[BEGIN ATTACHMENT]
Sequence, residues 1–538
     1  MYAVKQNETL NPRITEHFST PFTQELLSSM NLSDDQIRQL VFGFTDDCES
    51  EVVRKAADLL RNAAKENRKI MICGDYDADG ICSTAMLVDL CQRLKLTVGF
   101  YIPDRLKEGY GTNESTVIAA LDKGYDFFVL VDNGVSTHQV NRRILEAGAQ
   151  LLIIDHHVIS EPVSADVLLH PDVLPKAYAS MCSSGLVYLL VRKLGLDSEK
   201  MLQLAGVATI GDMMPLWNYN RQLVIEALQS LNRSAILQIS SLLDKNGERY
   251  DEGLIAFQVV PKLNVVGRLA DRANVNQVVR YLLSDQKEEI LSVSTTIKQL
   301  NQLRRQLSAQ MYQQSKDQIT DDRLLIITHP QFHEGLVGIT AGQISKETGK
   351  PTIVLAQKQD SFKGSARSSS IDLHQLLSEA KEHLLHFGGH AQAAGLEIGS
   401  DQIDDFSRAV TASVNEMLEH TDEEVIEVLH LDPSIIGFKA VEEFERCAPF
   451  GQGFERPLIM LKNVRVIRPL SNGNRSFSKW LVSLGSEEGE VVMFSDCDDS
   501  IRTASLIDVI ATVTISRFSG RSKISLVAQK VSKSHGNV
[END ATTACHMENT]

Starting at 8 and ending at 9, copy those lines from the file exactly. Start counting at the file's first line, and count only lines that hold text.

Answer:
   301  NQLRRQLSAQ MYQQSKDQIT DDRLLIITHP QFHEGLVGIT AGQISKETGK
   351  PTIVLAQKQD SFKGSARSSS IDLHQLLSEA KEHLLHFGGH AQAAGLEIGS